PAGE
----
On this day we met to talk about project 1 the sound sequence project. We discussed about what sound sequence we would choose and decided to map it out on paper so that we could duplicate the sounds and perform it in front of the class.
The week before, there were suggestions about the sound sequence being reproduced and distributed as a board game similar to Twister, where it would be packaged with a tarp that displayed the sound sequence. However, there was another suggestion later on, about what if the Aboriginal dance sound sequence was part of an interactive installation at a museum.
Aboriginal dance is a very specific type of musical performance that most likely has a designated section or area in history museums. If the sound sequence was installed as an interactive installation that taught aboriginal dance, it may be able to give museum visitors insight into aboriginal culture, dance, and music.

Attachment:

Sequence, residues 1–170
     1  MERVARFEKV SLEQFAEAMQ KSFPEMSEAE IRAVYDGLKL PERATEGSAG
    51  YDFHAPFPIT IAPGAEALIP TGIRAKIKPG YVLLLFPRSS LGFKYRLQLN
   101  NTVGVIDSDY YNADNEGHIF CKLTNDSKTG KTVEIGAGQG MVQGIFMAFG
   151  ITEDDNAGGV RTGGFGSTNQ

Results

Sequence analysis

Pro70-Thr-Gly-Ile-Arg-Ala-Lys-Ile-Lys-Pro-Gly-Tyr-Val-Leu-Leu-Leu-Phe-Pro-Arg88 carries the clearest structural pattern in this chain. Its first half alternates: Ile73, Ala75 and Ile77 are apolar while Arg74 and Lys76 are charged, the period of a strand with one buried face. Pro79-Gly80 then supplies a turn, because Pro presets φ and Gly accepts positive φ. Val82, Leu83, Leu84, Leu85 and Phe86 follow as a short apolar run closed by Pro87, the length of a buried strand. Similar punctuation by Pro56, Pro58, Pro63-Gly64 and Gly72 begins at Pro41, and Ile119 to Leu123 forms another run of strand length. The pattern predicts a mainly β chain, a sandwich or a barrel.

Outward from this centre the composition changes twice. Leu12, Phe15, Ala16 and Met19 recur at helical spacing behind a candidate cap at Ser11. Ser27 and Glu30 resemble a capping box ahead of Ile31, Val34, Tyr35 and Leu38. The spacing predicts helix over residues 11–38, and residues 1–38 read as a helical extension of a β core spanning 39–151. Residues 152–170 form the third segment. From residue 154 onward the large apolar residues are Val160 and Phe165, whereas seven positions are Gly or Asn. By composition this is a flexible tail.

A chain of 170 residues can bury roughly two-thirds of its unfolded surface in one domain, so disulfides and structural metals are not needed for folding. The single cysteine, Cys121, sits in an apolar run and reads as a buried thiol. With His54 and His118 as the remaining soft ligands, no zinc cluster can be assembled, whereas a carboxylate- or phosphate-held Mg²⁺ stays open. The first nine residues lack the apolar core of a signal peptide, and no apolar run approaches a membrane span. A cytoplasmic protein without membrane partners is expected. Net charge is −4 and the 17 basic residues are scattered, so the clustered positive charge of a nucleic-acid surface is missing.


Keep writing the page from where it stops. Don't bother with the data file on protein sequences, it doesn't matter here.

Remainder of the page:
It was difficult thinking of ways to design the sound sequence without understanding the components of the sound sequence itself, so we backtracked and simple mapped the sound sequence with x’s and o’s so that we could understand the different layers in the music. The primary instrument or sound used in the sound sequence is a wooden clacking sound, in order to product the sound, Nicole brought in some wooden kitchen objects.
After writing out the sound sequence, we tested to see if it was long enough, and found it was just under 1 minute!